Monitoring experts from the Office of the Ombudsman, a human rights oversight body appointed by parliament, were denied entry to the police station to visit detainees, the office said in a statement. The office said it is pursuing disciplinary action against the police officers who denied their staff entry. Detainees were also denied access to lawyers.
“You are waiting for protection from the law enforcement, but suddenly it turns out that you are being detained and it is not even clear why,” one detained activist told Human Rights Watch. “Any confidence and a sense of security is lost. I don’t feel I live in a law-abiding country anymore.”
In early March, the government temporarily banned all “cultural events” as part of measures to prevent the spread of coronavirus. At the request of the city administration, on March 5, the Bishkek district court banned “rallies and peaceful gatherings,” including the Women’s March, until July 1. Women’s March organizers questioned the rationale for cancelling the March, citing exchanges during the court proceedings indicating the ban targeted the Women’s March based on its links to feminism and, in past years, lesbian, gay, bisexual, and transgender (LGBT) people’s rights.
On March 6, the Bishkek city administration withdrew its request. On March 9, the Bishkek city prosecutor’s office found the restrictions on the right to “rallies, marches and other events” to be unlawful.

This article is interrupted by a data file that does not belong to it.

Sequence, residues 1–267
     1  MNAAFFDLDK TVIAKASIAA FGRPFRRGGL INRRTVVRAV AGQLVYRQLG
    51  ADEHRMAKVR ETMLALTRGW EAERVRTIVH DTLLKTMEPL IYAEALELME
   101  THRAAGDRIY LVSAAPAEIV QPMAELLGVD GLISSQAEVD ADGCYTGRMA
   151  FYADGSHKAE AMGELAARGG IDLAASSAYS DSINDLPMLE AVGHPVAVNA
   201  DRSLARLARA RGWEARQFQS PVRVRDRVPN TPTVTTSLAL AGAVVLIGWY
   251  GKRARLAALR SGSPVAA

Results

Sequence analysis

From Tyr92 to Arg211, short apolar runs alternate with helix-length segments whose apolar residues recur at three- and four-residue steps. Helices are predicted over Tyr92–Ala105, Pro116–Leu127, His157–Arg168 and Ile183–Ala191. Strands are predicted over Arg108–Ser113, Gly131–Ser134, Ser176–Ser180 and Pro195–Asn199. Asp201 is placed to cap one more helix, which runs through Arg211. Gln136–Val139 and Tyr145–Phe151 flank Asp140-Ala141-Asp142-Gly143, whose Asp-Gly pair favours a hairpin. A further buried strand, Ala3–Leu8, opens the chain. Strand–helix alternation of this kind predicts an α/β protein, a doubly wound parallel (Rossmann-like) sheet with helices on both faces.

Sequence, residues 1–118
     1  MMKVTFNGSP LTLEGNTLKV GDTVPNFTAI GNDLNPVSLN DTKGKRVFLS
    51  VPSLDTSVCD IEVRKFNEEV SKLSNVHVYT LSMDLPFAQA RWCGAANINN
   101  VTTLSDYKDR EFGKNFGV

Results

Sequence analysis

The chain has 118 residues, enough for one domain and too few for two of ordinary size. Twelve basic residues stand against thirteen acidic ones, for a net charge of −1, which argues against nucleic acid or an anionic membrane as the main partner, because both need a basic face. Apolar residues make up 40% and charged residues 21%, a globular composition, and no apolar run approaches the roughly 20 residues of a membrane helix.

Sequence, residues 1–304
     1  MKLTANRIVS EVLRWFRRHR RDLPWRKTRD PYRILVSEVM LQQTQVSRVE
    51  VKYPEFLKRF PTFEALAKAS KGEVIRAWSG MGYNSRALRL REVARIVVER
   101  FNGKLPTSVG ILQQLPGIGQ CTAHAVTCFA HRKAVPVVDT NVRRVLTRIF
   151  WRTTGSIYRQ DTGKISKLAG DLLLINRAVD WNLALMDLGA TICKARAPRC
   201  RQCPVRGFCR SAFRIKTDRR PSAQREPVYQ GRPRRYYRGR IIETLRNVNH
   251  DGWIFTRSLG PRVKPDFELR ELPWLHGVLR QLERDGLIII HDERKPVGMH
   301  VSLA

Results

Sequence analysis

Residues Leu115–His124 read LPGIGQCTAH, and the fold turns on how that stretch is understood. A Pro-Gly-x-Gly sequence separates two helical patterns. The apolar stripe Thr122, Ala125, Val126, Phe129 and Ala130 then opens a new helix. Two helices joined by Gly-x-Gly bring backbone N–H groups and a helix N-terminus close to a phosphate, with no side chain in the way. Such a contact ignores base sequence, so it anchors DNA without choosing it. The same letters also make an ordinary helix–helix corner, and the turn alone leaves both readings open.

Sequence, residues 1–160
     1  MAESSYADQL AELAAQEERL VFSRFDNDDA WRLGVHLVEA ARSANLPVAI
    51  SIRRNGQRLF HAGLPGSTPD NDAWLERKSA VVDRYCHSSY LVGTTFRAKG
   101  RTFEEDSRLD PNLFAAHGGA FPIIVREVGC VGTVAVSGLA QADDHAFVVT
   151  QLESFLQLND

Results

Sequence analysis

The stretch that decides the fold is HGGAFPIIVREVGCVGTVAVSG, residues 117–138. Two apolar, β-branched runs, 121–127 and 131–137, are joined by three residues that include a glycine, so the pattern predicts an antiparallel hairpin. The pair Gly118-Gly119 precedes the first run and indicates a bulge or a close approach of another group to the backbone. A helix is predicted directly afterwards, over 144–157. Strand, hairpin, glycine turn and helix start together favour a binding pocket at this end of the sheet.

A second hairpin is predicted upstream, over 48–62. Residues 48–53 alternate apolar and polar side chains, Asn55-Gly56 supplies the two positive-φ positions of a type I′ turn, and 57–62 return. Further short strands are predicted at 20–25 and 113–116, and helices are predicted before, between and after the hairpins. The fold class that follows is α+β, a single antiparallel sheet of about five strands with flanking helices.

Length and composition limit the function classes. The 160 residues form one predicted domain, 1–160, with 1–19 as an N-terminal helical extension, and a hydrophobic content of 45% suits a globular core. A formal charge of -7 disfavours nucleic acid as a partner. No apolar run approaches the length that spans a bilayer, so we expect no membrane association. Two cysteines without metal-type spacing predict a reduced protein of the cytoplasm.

Following the interruption of the Women’s March, activists held a rally on March 10 to protest violence against women and show solidarity with survivors. Over 400 people attended the peaceful demonstration in Bishkek, local media reported. Activists who took part in the March 8 events said that the detentions may have helped draw much-needed global attention to their fight against domestic and other gender-based violence in Kyrgyzstan.
“It was thanks to these aggressors that the whole world knows how bad things are for women’s rights in Kyrgyzstan,” Dinara Oshurakhunova, a human rights activist who was among those detained, told Human Rights Watch.
Attacks on this year’s Women’s March are the latest in a pattern of opposition to events promoting women’s rights. Members of a conservative nationalist movement objected to artwork incorporating nudity at a November 2019 feminist art exhibit at the National Art Museum in Bishkek and accused the artists of “perverting young people.” The museum’s art director resigned after being subjected to verbal abuse and threatened with rape.
In March 2019, an International Women’s Day rally in Bishkek led to controversy and threats of violence when conservative lawmakers and members of a nationalist group objected to inclusion of LGBT people in the march, which promoted “equality for all.”
“Women’s March participants were simply calling for action to stop women’s needless deaths from domestic violence,” Margolis said. “The authorities should detain and investigate the men who used force to stop this march, not the women who were calmly protesting.”